Chris, I’m really pleased that you enjoyed the Strand tour (quite a few of the photos have only recently been added so your timing is excellent) and that you and your son can now visualise where your great grandfather now rests. I am only sorry that there isn’t a photo of his headstone, particularly as a couple of the pictures I took are in the row directly behind Row L. Next time I’m passing…..

  2. Claude says:

    Very nice site, very good pictures, I will come back soon.

  3. Magicfingers says:

    Aha! Claude! Welcome to my little site. I’m glad you like the photos (do check out the ‘Dusk at the Ploegsteert Memorial’ post when you get the time), and I much appreciate your comments on the family Rosenberg and also the information tablets; I shall have to check whether I have erroneously credited them to the CWGC.

    Having heard your name mentioned whilst on my travels I did wonder, when I noticed that a ‘Claude’ had posted three comments on the ‘Tour of Ploegsteert Wood’, whether it was indeed Claude of L’Auberge, so I am delighted that you approve of my site. Do come back when you get the chance and have a further look around.

  4. Marilyne Mingou says:

    good day,

    Is there a special reason for Lt Rutledge’s grave to be isolated from the others?? It seems strange.

    Regards,

    Marilyne Mingou

    • Magicfingers says:

      Honestly Marilyne, I don’t know the answer, but it is not that uncommon. You will find more examples in some of the recent posts. The only clue I can suggest in this case is that he was an Australian artilleryman, and the nearest graves to his are all Australian infantrymen. Perhaps somewhere therein lies the answer, but we shall never know.

  5. Jane Roberts says:

    Just been looking at your website with interest as I have recently been given a copy of the diary of my Great Uncle who is buried here. Gunner George Ernest Williamson, Royal Garrison Artillery. He died aged 24 on 12th Nov 1914. His diary began on 17th September, with the last entry on 3rd November. The last entry refers to moving guns to Ploegsteert, being under fire on the lawn of a doctors house and big shells landing in the trenches burying 12 men alive that day. I am guessing he was fatally injured shortly after the 3rd in the village or nearby as his daily account abruptly ends on the 3rd, or possibly his death was not recorded for a few days…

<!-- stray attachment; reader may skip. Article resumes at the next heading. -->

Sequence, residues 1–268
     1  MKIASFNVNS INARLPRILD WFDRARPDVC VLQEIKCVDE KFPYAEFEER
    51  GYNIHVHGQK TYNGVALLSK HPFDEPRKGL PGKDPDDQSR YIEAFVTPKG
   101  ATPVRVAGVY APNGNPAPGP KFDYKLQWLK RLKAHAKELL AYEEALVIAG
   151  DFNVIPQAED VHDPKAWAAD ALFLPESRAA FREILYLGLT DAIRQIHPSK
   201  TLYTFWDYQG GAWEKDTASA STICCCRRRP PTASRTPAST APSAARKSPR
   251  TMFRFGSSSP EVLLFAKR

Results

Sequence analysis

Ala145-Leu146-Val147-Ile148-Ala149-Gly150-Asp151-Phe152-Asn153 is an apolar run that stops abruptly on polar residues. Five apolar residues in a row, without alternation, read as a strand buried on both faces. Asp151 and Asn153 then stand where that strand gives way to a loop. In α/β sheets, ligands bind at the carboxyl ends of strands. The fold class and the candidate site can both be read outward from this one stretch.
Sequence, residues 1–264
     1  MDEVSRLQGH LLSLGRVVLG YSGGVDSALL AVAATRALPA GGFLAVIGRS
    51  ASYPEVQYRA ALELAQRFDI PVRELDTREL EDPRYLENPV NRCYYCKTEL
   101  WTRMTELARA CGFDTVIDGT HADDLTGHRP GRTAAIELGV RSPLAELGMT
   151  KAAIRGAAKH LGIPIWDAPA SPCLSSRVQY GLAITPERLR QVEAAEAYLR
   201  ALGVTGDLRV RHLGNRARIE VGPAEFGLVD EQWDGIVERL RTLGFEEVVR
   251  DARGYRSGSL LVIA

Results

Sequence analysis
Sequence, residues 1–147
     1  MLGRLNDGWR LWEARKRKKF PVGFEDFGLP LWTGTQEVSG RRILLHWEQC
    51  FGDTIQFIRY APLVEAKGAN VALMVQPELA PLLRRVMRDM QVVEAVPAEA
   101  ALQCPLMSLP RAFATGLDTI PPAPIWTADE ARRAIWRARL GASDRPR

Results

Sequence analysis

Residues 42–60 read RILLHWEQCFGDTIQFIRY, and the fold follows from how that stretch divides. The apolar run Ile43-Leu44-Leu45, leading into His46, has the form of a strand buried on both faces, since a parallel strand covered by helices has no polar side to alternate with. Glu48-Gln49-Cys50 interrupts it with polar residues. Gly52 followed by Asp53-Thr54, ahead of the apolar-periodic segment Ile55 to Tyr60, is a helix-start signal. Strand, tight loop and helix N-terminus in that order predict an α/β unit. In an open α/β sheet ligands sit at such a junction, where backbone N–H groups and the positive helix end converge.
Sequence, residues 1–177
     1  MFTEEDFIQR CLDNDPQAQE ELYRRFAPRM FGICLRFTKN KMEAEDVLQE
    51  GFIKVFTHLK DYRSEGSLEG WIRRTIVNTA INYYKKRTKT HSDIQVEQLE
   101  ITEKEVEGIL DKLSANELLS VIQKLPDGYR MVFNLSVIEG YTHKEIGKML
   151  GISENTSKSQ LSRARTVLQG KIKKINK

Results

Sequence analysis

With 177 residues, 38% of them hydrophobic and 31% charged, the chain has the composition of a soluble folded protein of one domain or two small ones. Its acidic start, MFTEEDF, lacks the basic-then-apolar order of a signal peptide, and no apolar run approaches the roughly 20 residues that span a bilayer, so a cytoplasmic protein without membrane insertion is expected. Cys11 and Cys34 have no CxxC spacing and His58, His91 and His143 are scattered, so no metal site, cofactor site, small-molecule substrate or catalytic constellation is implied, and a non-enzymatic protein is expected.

Thank you anyway for the pictures of the cemetery and area where he fought and died.

  6. Dawn Healey says:

    My GG Uncle is buried at the strand cemetry so it was wonderful to find your site with these photos. My brother & I are heading over to europe in June we want to go & pay our respect to our uncle but Im having trouble figuring out how to get to the cemetry & I was wondering if you could help me with any information please.We also have a G uncle who died in WW2 & he is buried in El Alamien Egypt so we will be going there as well. Once again thank you for these pictures it gives me a much better idea of were my GG Uncle is laid to rest.

    • Magicfingers says:

      Hello Dawn. First of all I wish you well with your trip in June. I am most envious of your intended visit to El Alamein. Tha will be fascinating. I’m glad you like the above post, and thank you for your kind comments. I have visited Strand Military Cemetery a couple of times – Ploegsteert was the first area of Flanders I explored in detail, a few years back now, but I always like returning there. Ploegsteert Wood is about 10 miles due south of Ieper, three-quarters of the way to Armentières. If nothing else there must be a bus that will take you to Ploegsteert from Ieper. Best thing to do is check with the Ieper Tourist Office. And give yourself a bit of time if you can, as the Ploegsteert Memorial, just up the road from Strand, is a must-see. You’ll find some photos where you will see what I mean elsewhere on this site.

      Have a fabulous trip. Come back and tell us all about it.